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Farm program, MFP payments provide lifeline for cotton producers

NCC Chairman addresses the crowd, discusses markets, weather and industry successes.

Forrest Laws

March 12, 2020

The past two years have been difficult ones for cotton producers and ginners, but they could have been much worse if not for farm program and market facilitation payments, the chairman of the National Cotton Council said.

After trading above 80 cents a pound early in 2018, ICE cotton futures have fallen to the low 70s and upper 60s, which is below the cost of production for many growers. Weather conditions have also dealt producers a bad hand.

“I don’t have to remind this audience about the turbulent markets and catastrophic weather events of the past few years,” said Kent D. Fountain, a ginner from Surrency, Ga. “As a result, many producers would not have survived if it had not been for the improved safety net provided by various government programs.”

Fountain spoke at the Friday Ag Update Session at the Mid-South Farm and Gin Show in Memphis, Tenn. The Gin Show traditionally is the first speaking engagement for the new chairman after his election at the NCC’s annual meeting.

Government payments

Since the spring of 2018, he said, cotton growers have received between $225 and $325 per acre from government programs, including:

• Gin Cost Share payment of $23 per planted acre;

• 2018 MFP payment ranging between $40 and $55 per acre;

• 2019 MFP payment ranging between $70 and $150 per acre;

• 2018 crop PLC payment of $30 to $35 per base acre; and

• An estimated PLC payment for the 2019 crop of $70 to $80 per base acre. (Agricultural Risk Coverage or ARC and Price Loss Coverage or PLC payments are made in the year after they are earned.)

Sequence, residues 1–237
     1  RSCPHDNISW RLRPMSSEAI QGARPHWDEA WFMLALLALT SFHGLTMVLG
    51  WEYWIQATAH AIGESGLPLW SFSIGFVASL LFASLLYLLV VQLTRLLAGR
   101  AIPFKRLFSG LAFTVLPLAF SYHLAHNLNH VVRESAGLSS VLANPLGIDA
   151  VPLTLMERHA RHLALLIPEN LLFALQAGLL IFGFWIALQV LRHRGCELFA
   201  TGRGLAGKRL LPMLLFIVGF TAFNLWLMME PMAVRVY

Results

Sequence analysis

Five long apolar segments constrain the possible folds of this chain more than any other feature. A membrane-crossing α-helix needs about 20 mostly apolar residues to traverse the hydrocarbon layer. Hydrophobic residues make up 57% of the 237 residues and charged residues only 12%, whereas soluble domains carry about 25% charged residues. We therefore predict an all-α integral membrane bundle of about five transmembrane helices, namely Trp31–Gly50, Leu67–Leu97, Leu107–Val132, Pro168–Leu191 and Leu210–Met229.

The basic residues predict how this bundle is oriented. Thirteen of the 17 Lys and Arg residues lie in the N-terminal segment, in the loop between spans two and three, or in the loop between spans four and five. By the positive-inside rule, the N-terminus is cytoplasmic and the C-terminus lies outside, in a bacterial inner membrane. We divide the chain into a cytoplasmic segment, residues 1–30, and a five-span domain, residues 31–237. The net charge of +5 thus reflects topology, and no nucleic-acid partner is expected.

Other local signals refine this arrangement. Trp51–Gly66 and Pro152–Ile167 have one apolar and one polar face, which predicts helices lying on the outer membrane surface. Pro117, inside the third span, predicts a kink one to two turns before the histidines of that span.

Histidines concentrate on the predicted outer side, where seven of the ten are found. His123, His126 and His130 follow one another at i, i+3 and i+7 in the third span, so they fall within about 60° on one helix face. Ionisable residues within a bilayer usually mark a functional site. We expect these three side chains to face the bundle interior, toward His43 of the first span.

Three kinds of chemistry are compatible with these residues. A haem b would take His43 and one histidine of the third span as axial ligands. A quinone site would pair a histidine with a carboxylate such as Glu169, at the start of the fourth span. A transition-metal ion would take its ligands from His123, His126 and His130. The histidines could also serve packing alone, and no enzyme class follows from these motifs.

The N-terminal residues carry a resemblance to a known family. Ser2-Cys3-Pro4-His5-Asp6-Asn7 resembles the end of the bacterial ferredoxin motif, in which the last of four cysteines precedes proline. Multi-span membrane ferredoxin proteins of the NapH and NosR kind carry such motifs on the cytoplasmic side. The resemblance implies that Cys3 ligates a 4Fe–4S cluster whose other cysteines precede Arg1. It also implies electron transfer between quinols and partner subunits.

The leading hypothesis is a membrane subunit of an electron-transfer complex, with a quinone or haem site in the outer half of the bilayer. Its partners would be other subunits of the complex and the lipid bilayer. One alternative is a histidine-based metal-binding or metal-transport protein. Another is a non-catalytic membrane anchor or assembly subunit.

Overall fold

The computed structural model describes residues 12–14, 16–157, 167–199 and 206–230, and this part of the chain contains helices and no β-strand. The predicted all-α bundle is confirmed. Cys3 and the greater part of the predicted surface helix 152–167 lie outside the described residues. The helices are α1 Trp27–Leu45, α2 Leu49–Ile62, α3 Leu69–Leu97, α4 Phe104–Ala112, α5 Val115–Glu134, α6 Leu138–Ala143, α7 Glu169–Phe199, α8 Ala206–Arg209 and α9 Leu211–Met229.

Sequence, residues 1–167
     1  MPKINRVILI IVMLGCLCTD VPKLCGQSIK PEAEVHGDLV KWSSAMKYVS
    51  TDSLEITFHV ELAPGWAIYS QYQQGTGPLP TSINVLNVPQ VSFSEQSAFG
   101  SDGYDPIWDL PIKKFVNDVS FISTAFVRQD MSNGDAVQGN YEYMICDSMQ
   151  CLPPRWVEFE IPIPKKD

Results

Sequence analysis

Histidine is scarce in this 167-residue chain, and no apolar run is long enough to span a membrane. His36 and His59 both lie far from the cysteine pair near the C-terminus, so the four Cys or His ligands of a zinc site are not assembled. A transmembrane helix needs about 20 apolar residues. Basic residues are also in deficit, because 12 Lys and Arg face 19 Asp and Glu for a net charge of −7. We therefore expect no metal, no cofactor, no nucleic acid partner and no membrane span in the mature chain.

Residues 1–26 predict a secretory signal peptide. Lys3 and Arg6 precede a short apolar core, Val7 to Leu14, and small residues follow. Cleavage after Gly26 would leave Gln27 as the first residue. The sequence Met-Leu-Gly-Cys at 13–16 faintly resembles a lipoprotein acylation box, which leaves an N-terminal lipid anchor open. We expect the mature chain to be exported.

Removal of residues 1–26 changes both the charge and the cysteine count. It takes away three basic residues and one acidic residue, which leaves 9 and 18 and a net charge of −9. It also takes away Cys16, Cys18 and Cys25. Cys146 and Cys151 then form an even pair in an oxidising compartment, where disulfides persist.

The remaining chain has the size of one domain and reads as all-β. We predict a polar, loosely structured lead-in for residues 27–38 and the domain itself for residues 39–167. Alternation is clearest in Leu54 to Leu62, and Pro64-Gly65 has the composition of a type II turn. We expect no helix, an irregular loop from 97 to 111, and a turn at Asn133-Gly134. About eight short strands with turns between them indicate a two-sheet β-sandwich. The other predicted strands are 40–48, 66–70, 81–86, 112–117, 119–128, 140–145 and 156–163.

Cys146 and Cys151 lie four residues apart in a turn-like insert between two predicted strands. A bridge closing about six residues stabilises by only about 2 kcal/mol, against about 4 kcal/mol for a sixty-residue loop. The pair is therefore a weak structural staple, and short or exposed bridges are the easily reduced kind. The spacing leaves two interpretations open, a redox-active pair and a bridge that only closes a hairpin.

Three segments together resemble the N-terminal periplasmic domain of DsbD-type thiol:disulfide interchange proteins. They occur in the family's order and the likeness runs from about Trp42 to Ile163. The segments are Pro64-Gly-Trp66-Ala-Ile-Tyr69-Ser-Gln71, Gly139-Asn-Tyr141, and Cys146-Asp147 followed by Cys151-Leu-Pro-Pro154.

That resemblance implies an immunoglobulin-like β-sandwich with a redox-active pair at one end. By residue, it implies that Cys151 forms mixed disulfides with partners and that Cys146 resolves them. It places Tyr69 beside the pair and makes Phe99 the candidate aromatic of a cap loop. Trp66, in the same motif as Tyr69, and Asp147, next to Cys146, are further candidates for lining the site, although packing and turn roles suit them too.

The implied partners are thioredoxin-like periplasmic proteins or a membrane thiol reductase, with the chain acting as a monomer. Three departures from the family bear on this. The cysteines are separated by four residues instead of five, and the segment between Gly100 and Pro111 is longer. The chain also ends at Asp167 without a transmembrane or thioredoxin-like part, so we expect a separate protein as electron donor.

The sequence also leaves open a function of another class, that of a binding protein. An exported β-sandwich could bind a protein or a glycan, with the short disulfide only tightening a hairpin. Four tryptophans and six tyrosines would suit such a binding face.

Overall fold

“Those numbers do not include the benefits from individual crop insurance coverage, STAX policies or the WHIP disaster programs,” Fountain noted, referring to the Stacked Income Protection Program for upland cotton and the Wildfires and Hurricanes Indemnity Programs.

The ARC and PLC payments became possible after the Cotton Council worked for years to have a Seed Cotton ARC/PLC program included in the 2018 farm bill. Cotton had been left out of ARC/PLC in the 2014 farm bill at the cotton industry’s request due to the WTO case brought by Brazil against the U.S. program.

Industry successes

“As you know, last year was highlighted by a number of industry successes,” Fountain said. “I’ll start with the 2018 farm law, which continues the Seed Cotton ARC/PLC program for the 2019 through 2023 crops; full access to the marketing loan program; effective crop insurance products; and critical assistance for the U.S. textile industry.”

The WHIP and WHIP Plus Programs were a “much-needed disaster assistance package” sought by the Cotton Council and other farm organizations after wildfires and a series of hurricanes devastated several agricultural regions.

Program signup for WHIP Plus, which covers losses in 2018 and 2019, began last Sept. 11 at local USDA Farm Service Agency offices.